HAIL – The Ministry of Labor has decided to reconsider whether the Nitaqat program should be applied to private schools, according to Omar Al-Amer, chairman of the private education committee at the Hail Chamber of Commerce and Industry.
Al-Amer was quoted in a section of the Arabic press as saying that the Ministry of Labor has “asked the private education committee to discuss the program and approve it as it sees fit”.
Earlier this month, private schools demanded that they be exempted from the Nitaqat Program or have staff provided for them.
A total of 1,000 private schools reportedly fell into the Nitaqat red zone after losing scores of Saudi teachers to government schools last year.
According to the Council of Saudi Chambers there are two main problems facing private schools. Firstly, 70,000 Saudi male and female teachers have left private schools for public educational institutions. Secondly, the Ministry of Labor issued orders which required girls’ and boys’ private schools to have separate business registration certificates, which meant these schools could not benefit from having a joint Saudization percentage.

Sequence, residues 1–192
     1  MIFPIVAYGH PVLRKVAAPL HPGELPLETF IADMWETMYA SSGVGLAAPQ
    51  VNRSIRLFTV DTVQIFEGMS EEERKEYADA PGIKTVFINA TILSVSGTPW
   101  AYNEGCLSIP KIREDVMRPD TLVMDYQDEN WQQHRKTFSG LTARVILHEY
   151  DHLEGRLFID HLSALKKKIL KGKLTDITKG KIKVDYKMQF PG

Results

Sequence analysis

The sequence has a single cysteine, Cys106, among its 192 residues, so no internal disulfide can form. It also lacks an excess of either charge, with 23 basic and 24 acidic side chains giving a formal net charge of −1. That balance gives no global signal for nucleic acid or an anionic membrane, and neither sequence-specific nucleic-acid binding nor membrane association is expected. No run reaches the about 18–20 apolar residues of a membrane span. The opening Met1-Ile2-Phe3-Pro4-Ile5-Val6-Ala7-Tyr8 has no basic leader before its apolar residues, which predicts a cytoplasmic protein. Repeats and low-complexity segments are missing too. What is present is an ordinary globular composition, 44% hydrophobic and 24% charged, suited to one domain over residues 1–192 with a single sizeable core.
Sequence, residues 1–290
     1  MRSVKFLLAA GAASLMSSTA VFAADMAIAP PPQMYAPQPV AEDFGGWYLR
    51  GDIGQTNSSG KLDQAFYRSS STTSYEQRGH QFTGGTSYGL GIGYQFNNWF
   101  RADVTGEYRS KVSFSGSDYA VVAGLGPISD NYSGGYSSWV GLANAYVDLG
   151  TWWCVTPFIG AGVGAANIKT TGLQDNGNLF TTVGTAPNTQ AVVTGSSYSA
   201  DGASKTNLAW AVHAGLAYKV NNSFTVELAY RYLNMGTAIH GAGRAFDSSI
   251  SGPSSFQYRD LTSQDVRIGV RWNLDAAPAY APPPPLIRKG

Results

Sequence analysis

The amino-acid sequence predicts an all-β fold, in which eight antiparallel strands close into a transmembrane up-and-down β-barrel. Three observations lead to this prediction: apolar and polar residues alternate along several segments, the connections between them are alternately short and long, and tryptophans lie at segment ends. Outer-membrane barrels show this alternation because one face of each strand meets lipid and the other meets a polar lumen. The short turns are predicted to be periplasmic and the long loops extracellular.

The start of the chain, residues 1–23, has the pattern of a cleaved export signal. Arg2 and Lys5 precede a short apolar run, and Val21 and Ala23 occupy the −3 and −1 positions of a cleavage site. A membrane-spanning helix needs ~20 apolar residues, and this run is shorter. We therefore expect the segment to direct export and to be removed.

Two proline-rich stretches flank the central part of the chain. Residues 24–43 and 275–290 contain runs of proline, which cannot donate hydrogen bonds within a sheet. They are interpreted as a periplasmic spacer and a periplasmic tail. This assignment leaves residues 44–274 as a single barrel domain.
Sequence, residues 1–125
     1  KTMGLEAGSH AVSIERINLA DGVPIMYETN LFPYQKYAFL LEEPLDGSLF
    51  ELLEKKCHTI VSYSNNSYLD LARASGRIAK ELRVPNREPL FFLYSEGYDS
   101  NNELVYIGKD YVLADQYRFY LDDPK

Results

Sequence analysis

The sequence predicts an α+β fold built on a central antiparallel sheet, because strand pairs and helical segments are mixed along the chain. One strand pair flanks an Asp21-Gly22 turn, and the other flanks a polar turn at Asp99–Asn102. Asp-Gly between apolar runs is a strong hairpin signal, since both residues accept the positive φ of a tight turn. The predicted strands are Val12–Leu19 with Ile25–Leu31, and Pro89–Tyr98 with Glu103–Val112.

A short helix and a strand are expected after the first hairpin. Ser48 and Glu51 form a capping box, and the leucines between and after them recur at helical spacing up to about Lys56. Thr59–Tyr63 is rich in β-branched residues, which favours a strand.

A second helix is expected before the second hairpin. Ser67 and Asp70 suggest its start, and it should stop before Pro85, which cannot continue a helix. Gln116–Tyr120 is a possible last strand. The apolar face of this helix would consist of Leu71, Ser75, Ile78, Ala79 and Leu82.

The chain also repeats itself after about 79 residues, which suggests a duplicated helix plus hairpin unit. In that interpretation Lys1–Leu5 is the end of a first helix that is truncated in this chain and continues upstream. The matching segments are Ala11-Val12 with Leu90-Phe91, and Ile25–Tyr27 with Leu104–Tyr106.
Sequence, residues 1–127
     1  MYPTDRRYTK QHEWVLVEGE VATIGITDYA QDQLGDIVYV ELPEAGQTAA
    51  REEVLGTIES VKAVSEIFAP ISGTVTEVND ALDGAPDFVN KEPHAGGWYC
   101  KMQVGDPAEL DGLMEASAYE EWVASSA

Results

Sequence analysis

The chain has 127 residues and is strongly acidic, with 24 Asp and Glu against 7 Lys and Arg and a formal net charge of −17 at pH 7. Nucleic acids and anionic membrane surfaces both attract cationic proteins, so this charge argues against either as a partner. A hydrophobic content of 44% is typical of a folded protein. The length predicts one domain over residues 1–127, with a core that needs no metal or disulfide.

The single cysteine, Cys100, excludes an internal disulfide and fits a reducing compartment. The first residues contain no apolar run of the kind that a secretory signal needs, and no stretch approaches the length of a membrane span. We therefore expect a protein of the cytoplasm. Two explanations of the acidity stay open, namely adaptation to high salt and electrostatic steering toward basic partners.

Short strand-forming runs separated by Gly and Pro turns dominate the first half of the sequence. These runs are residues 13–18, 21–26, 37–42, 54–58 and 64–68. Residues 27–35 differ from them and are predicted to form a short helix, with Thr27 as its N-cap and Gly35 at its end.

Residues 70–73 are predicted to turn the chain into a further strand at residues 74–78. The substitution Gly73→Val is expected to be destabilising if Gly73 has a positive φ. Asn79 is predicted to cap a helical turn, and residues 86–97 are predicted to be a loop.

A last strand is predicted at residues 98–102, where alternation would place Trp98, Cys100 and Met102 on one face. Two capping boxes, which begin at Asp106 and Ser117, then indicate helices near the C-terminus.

Al-Amer said the committee took a number of decisions after its meeting including calling for the Human Resources Development Fund to be the basic resource for employing job applicants.
Private schools should have the same contracts for Saudis teaching in remote areas so that they do not leave for better prospects elsewhere.
In addition, schools must not sign a contract with a job applicant, whether Saudi or non-Saudi, unless the applicant has passed the Qiyas test of the National Center for Assessment in Higher Education.
The committee also called on standards to be set so that only excellent teachers are recruited. – SG